Amazingly, this post is at the top of the stats meaning that still a lot of people are still using monkeyrunner and haven't discovered yet AndroidViewClient/culebra. Come on! It's time to evolve.

    You may want to edit scripts and run them from Eclipse.
    To be able to do this you must first install PyDev from Eclipse Marketplace.

    Latest versions of PyDev don't work with monkeyrunner because it is not detected as a valid interpreter. I'm sure this will be finxed in the future. In the meantime you should stick to PyDev 1.6.5.

    Then you have to define a new python interpreter

    but before you can do it you need to do some changes to the Android installation. We need to replace the monkeyrunner interpreter because Eclipse invokes it using the -u command line option,  unbuffer stdin, stdout and stderr, which is not supported by monkeyrunner. To solve it we should rename the original interpreter to monkeyrunner-original and then use this script as a replacement for  monkeyrunner.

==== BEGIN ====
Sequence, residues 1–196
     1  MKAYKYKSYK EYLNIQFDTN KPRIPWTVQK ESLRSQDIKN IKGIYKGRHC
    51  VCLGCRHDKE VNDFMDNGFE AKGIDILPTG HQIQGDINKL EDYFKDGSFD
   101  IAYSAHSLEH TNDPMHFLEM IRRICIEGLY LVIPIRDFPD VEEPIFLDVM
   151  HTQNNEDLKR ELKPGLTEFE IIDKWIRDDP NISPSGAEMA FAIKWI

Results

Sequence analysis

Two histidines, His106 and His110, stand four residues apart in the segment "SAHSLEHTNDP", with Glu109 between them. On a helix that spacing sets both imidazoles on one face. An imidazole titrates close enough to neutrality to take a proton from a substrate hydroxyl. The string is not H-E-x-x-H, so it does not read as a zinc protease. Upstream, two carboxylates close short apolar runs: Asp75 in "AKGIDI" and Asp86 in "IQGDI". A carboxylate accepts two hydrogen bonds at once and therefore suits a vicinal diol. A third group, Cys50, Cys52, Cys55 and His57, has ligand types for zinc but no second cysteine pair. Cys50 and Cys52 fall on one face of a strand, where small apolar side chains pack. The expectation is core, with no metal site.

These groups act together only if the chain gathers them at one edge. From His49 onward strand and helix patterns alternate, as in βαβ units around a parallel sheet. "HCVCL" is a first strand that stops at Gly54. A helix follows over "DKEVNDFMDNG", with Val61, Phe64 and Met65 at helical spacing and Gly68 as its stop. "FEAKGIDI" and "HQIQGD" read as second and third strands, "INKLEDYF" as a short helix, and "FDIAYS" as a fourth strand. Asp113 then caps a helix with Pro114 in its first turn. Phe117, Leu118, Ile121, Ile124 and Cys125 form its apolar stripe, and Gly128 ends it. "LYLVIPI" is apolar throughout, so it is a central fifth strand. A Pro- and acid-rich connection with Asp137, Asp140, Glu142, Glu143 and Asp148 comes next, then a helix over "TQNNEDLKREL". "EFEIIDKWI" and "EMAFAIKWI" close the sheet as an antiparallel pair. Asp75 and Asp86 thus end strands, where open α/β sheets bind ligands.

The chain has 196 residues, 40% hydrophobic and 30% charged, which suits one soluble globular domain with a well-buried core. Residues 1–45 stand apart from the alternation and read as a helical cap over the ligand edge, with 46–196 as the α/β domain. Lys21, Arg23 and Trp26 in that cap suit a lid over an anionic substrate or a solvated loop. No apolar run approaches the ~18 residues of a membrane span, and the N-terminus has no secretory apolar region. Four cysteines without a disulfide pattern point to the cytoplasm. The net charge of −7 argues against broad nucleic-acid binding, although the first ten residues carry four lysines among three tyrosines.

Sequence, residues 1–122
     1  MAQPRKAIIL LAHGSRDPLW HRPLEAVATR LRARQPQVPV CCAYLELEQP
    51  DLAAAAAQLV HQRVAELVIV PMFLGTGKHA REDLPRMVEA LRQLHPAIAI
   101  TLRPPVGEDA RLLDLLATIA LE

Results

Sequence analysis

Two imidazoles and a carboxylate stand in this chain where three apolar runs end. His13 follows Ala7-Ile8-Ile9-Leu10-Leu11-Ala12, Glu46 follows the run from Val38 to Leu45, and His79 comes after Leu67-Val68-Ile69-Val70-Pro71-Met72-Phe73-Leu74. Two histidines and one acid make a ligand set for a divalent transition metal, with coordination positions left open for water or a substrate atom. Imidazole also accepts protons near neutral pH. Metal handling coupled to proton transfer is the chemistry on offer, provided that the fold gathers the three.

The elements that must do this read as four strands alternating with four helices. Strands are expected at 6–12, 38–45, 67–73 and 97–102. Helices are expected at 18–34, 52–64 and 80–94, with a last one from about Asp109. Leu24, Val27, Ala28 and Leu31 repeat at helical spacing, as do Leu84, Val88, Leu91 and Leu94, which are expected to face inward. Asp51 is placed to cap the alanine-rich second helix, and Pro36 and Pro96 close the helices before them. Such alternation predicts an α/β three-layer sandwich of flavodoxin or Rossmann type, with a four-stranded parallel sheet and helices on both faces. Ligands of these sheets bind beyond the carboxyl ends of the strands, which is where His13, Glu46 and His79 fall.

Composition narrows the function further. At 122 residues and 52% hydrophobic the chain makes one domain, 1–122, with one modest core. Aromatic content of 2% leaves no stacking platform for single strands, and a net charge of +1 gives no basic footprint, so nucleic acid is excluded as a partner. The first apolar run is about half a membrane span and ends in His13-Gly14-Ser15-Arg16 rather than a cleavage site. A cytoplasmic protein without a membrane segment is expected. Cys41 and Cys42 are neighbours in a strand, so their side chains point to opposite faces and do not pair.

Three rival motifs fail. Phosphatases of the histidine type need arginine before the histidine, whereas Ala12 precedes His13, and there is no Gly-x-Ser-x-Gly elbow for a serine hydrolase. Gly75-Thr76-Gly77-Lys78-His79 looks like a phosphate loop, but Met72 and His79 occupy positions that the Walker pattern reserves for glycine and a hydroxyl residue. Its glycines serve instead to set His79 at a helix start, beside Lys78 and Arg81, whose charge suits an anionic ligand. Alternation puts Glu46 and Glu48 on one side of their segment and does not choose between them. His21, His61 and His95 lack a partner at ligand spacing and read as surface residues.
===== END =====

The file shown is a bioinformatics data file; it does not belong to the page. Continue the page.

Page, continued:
# /bin/bash
    if [ "$1" = '-u' ]
    exec /opt/android-sdk-linux_86/tools/monkeyrunner-original "$@"
    if you are using Microsoft Windows, you should use something like this (script contributed by tagmaster)

    @echo off
    if("%1")==("-u") shift
    "C:\Program Files\Android\android-sdk\tools"/monkeyrunner-original %1 %2 %3 %4 %5 %6 %7 %8 
    Once the new interpreter is defined and assigned to a PyDev project you will be able to edit and run monkeyrunner scripts from Eclipse

    Don't forget to set the previously defined interpreter to the project properties.

    Update: July 2011
    This patch was added to monkeyrunner to ignore the -u option sent by PyDev:;a=commitdiff;h=f07d8c2026606633f1de7e1ab9d985c74ad8b340
    However, the usage string does not include the -u option yet. BTW, credit would be nice.
    So, the wrapper is not needed any more.

    Update: September 2011
    monkeyrunner included in Android SDK Tools revision 12 supports -u option, however as it was mentioned before it is not described in the help text.
    Come on, we are only one step behind...

    Update: March 2012
    A working Eclipse configuration that works with monkeyrunner has been detailed in a new post: Eclipse: working monkeyrunner configuration